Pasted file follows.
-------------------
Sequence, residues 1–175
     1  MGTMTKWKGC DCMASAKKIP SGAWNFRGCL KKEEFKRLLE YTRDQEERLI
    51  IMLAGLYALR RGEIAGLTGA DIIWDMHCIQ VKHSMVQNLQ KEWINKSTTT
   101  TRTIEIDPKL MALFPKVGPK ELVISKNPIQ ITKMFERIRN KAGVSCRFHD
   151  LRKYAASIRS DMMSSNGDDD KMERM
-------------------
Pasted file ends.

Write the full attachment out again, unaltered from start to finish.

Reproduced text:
Sequence, residues 1–175
     1  MGTMTKWKGC DCMASAKKIP SGAWNFRGCL KKEEFKRLLE YTRDQEERLI
    51  IMLAGLYALR RGEIAGLTGA DIIWDMHCIQ VKHSMVQNLQ KEWINKSTTT
   101  TRTIEIDPKL MALFPKVGPK ELVISKNPIQ ITKMFERIRN KAGVSCRFHD
   151  LRKYAASIRS DMMSSNGDDD KMERM